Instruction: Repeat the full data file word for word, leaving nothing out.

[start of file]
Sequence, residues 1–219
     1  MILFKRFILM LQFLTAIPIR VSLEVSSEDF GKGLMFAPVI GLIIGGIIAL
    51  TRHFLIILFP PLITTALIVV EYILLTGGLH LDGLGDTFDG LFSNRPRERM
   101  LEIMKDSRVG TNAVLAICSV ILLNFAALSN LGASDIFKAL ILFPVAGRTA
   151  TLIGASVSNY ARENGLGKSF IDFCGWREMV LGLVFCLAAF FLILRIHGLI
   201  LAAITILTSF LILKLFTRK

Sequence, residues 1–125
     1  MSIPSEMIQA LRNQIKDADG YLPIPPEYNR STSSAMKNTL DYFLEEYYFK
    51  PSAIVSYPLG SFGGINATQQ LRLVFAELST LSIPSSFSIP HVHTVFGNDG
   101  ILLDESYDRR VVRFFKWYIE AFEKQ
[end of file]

Sequence, residues 1–219
     1  MILFKRFILM LQFLTAIPIR VSLEVSSEDF GKGLMFAPVI GLIIGGIIAL
    51  TRHFLIILFP PLITTALIVV EYILLTGGLH LDGLGDTFDG LFSNRPRERM
   101  LEIMKDSRVG TNAVLAICSV ILLNFAALSN LGASDIFKAL ILFPVAGRTA
   151  TLIGASVSNY ARENGLGKSF IDFCGWREMV LGLVFCLAAF FLILRIHGLI
   201  LAAITILTSF LILKLFTRK

Sequence, residues 1–125
     1  MSIPSEMIQA LRNQIKDADG YLPIPPEYNR STSSAMKNTL DYFLEEYYFK
    51  PSAIVSYPLG SFGGINATQQ LRLVFAELST LSIPSSFSIP HVHTVFGNDG
   101  ILLDESYDRR VVRFFKWYIE AFEKQ